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Concerns Over Idle Pilots: Deteriorating Working Conditions And Higher Stress Levels

AUDIE CORNISH, HOST:

The coronavirus continues to devastate the airline industry. The number of passengers is still down more than 60%. So with airlines flying fewer planes, they need fewer pilots. A recent survey finds that more than half of commercial airline pilots globally are no longer flying. Those who are working are flying less often, and some admit they're making mistakes in the cockpit because they're rusty. From Chicago, NPR's David Schaper reports.

DAVID SCHAPER, BYLINE: A year ago at this time, anyone wanting a career as a commercial airline pilot was probably thinking - if you'll forgive the pun - the sky's the limit.

MARK CHARMAN: It was only really 12 months ago that airlines were struggling to find experienced pilots.

SCHAPER: Mark Charman is CEO of the U.K.-based aviation headhunting firm Goose Recruitment. And he says airlines were offering pilots top-dollar salaries and big signing bonuses. But now because of the pandemic, his company's recent survey of airline pilots around the world finds that 57% of them are no longer flying.

CHARMAN: Some of these pilots are fast approaching a year since they've last flown. And we heard some - you know, some anecdotal stories about airline captains having to take jobs as delivery drivers and do whatever they can to simply find work.

SCHAPER: And even more pilots may be out of work soon. Both American and United Airlines have notified a few thousand pilots that they may be furloughed as soon as April 1 if a federal payroll support program is not extended. And worries about future job security is a big source of angst right now among the pilots who are still flying.

R D JOHNSON: I do believe there's anxiety with all the pilots, no matter what organization they're with.

SCHAPER: R.D. Johnson is a retired American Airlines pilot who now teaches pilots safety at the University of Southern California's School of Aviation Safety and Security. He says many pilots are feeling additional pandemic-related stress on top of their everyday stresses. But he says pilots are trained to keep those worries out of the cockpit.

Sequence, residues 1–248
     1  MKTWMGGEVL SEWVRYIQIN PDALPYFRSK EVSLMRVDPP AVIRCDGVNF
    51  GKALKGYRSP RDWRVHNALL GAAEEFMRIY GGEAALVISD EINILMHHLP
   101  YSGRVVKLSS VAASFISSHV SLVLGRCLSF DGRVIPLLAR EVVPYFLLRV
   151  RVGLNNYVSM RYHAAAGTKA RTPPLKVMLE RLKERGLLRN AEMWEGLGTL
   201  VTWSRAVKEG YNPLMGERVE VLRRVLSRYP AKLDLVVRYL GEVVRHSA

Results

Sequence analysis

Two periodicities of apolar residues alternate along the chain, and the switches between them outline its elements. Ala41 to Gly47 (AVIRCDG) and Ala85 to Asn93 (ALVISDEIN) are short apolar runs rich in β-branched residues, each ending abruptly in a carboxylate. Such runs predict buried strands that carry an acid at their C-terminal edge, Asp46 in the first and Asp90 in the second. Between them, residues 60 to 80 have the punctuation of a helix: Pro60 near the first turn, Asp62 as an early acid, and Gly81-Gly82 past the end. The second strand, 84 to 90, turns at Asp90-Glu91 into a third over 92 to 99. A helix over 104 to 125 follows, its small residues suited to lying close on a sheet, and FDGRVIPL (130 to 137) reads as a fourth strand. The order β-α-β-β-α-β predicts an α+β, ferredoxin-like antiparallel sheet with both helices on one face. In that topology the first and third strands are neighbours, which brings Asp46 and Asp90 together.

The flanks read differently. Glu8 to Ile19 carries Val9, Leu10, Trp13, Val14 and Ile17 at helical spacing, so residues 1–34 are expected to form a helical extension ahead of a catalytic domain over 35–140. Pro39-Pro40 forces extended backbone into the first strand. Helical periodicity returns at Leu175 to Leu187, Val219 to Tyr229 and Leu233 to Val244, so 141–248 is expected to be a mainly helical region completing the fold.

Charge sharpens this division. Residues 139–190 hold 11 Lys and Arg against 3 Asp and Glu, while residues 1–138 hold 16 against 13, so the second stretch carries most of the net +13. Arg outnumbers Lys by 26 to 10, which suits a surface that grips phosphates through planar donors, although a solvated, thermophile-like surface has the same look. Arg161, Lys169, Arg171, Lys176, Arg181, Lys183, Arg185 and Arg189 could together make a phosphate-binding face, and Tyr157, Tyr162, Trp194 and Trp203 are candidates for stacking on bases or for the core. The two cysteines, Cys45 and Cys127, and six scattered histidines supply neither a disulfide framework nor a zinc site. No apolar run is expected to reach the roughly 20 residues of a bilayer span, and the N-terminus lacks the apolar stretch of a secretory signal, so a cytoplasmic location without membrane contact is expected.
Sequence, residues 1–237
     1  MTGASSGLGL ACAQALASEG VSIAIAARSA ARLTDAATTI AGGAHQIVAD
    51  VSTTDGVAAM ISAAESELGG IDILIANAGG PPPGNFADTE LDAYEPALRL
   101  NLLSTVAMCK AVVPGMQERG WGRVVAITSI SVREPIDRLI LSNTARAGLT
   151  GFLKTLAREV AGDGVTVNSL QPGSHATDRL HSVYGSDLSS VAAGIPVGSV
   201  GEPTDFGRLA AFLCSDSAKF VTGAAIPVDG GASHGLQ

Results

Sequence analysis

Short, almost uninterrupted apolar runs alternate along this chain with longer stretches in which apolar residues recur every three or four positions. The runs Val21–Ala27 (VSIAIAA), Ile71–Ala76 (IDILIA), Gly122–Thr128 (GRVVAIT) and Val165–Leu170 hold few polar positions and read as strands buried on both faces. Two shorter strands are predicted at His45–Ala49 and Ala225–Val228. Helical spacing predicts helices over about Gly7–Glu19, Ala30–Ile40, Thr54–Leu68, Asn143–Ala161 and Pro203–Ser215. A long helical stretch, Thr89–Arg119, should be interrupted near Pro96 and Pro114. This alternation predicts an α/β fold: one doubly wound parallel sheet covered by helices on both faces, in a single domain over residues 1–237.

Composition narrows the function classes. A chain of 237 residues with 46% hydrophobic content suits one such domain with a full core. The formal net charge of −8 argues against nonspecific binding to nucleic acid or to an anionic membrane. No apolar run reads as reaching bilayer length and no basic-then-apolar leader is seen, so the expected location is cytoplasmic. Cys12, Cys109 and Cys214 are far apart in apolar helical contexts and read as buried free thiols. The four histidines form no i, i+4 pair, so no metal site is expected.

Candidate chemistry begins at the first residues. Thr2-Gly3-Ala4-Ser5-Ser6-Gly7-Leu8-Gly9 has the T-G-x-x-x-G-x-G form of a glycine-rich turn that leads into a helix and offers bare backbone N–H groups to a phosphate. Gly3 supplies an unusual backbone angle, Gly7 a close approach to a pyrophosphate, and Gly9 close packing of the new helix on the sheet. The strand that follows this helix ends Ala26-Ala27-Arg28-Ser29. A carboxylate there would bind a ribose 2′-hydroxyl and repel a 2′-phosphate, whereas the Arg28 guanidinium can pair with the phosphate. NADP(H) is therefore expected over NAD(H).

JOHNSON: As pilots, we're trained to compartmentalize. We're also trained to deal with the inevitable stress point, which could either be a emergency with the aircraft or an emergency with the people on board.

SCHAPER: But Johnson says that doesn't mean pilots are perfect. Some of them are reporting that they've made mistakes in recent months that they blame in part on not flying as much and being a little rusty. NASA has what's called the Aviation Safety Reporting System, which allows flight crews to anonymously report problems they encounter without facing repercussions.

In recent months, one pilot who hadn't flown in a while reported forgetting to disengage the parking brake when pulling back from the gate, damaging the tow gear. Another reported forgetting to turn on a de-icing system that would protect speed and altitude sensors. That pilot's saying, quote, "Because I had not flown in a few months, I was rusty." Others have reported flying at the wrong speed or altitude. A few report unstable approaches to landing or coming in too high, too low or too fast, requiring the pilots to pull up and go around. We've counted at least two-dozen such incidents, most of them minor mistakes that were caught by the other pilot, by air traffic control or by cockpit alerts. And other factors are often involved, but the pilots attribute them in part to not flying much or at all in several weeks or months.

Hassan Shahidi is CEO of the Flight Safety Foundation, a global independent nonprofit that works to improve aviation safety. He says repetition is important because flying a commercial jet requires following complex procedures and detailed checklists.

HASSAN SHAHIDI: When you do this day in and day out, a number of those things are certainly done through memory, as part of the routine. So any time you break that routine, you then have a situation in terms of forgetting something.

SCHAPER: The FAA does require pilots to perform at least three takeoffs and landings every 90 days to stay current. And Hassan says there doesn't appear to be a troubling trend attributable to pilot rustiness yet. But he and others are watching carefully to see if there may be a need for safety improvements as the pandemic goes on.

David Schaper, NPR News, Chicago.

(SOUNDBITE OF MUSIC) Transcript provided by NPR, Copyright NPR.